Better Prices

With competition growing, the price of cloud services became even more attractive in 2012. Key cloud players Azure (Microsoft), AWS and Google forced the cloud towards being a commodity item by bringing down cloud storage service prices by between 20% and 28%. With almost any service you could think of available, and cost efficiencies being inevitable, businesses had even more reason to want to move to the cloud.


With all bases covered by cloud services, for most businesses it stopped being an issue of whether to move to the cloud, and became a decision on which cloud set-up (private, public or hybrid) was the right one for their needs alongside how to address transitioning a legacy infrastructure to the cloud.
But while the money men rubbed their hands in glee, it was the techies who had to figure this all out, and of course their first assignment was risk assessment.

In 2012 Amazon Web Services, a front runner in the cloud arena, had a number of issues that left customers perplexed. A data center outage in April and a further outage in June caused by electrical storms sent big players like Heroku, Netflix, Instagram and Pinterest into a bit of spin. Microsoft Windows Azure also suffered an outage around July, and on Christmas Eve another high profile glitch at Amazon stopped people from Canada to South America using Netflix services. People began to ask questions... If the cloud couldn't offer 100% guaranteed uptimes, wouldn't it be better to move back to the mass of traditional providers whose chief mantra was guaranteed uptime and unlimited resources?


Alongside outages, another headache for the techies was lack of cloud standardization. Although companies wanted to move to the cloud because of the efficiencies it promised, how could supplier lock-in be avoided? In addition, lack of cloud standards and interoperability made it difficult for users to experience the full benefit of the cloud. Although a 10-page buyer's guide called "CW Buyer's guide: Infrastructure on demand" which came out in 2012 (offering information on how to assess the needs of a business) addressed some of the issues regarding lack of standardization, these issues still need to be addressed.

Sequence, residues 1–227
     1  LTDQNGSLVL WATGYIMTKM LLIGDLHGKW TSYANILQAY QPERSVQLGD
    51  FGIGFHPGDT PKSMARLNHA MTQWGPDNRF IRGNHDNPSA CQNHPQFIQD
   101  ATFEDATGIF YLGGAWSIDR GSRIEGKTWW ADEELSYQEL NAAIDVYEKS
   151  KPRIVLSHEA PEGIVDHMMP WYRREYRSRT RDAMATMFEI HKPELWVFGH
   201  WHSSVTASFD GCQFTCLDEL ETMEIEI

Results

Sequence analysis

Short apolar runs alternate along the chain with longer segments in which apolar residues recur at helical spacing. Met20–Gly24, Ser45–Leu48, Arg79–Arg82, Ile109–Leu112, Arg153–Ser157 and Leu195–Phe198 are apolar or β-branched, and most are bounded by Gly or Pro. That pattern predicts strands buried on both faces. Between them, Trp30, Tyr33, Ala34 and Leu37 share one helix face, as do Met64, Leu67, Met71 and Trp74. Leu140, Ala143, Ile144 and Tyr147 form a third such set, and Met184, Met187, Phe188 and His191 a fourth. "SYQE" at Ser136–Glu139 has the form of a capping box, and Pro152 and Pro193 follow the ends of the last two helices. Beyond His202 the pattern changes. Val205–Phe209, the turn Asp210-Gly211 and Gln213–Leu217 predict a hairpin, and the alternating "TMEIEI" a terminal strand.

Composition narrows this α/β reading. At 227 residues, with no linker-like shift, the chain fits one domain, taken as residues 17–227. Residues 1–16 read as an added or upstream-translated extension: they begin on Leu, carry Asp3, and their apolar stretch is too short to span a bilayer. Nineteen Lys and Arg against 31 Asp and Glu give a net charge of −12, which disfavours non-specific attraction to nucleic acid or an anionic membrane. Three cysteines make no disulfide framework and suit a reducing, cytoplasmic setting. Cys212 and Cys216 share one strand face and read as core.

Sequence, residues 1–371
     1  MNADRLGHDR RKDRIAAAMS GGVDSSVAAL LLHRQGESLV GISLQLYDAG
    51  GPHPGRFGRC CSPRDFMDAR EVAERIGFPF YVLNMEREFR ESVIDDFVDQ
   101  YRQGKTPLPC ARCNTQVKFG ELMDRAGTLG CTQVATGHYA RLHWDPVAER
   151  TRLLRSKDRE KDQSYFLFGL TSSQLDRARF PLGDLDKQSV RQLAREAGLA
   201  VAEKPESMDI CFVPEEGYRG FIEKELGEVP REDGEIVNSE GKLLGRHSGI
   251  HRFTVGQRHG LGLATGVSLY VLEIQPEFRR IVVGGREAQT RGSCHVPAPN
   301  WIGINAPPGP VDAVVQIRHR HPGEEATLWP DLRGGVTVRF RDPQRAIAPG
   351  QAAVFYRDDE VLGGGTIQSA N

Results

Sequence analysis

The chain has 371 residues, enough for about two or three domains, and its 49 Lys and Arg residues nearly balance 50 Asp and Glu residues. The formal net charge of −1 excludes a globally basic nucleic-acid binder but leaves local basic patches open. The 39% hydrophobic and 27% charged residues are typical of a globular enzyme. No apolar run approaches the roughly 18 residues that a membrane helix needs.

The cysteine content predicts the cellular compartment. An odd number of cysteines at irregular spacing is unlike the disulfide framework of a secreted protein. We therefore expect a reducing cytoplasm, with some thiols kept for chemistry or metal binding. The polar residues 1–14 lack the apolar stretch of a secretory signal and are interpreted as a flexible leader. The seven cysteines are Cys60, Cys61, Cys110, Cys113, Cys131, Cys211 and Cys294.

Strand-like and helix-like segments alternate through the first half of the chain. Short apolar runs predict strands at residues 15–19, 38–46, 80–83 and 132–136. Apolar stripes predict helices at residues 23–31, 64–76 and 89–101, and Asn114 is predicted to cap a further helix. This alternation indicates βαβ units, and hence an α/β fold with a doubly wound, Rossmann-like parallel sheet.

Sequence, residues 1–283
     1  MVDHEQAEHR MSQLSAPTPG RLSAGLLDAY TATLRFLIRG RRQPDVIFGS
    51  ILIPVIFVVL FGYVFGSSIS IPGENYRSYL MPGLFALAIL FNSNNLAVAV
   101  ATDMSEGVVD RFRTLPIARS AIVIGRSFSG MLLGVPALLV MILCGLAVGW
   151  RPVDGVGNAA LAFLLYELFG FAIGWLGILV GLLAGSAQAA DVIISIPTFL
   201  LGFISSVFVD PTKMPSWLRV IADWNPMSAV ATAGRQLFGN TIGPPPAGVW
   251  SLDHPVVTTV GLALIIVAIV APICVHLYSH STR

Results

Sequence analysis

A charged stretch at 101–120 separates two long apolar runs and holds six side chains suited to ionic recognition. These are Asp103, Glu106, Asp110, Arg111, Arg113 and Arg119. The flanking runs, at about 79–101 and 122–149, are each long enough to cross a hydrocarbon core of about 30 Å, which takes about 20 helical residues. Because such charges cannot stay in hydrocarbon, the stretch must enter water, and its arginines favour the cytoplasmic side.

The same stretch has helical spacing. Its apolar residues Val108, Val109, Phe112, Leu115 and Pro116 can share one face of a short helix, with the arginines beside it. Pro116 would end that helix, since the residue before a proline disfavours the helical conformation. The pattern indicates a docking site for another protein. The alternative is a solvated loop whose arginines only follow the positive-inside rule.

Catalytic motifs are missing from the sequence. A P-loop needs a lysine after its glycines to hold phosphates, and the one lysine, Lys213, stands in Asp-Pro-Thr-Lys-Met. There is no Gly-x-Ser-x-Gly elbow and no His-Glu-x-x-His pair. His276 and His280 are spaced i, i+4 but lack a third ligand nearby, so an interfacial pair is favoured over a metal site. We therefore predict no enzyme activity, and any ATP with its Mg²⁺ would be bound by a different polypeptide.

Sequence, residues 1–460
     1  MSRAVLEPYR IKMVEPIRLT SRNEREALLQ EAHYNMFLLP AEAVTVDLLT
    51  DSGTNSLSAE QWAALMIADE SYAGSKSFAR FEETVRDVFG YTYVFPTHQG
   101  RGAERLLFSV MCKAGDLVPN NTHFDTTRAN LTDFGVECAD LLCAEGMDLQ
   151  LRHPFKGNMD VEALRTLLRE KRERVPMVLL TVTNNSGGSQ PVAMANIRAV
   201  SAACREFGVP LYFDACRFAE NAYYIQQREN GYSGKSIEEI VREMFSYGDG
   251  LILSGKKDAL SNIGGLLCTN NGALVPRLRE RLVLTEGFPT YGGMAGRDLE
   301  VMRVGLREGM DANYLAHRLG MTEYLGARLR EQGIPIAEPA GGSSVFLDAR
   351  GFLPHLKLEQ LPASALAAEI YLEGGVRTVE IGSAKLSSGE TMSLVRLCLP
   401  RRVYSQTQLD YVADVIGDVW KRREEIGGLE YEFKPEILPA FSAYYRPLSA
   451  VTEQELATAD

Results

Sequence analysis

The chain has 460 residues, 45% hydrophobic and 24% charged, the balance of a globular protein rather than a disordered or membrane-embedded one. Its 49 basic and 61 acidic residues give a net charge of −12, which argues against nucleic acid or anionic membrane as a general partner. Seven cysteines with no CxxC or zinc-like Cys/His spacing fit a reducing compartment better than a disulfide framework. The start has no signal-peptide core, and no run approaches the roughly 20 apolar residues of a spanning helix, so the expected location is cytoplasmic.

End of Web Hosting?

Lessons learned in 2012 will clearly shape IT policy going into 2013, but despite the problems and the fact that the cloud is a work in progress, in 2012 the trend towards the cloud became an unstoppable force. It is now well on its way to being ubiquitous, and it is very likely that the bulk of that transition will take place in 2013. 2012 may well have seen the end of web hosting as we have known it.

About Author’s editor team is packed with professional who have been in web hosting business for a decade. We aim to provide helpful articles that will help our users making informed decisions when selecting web hosts.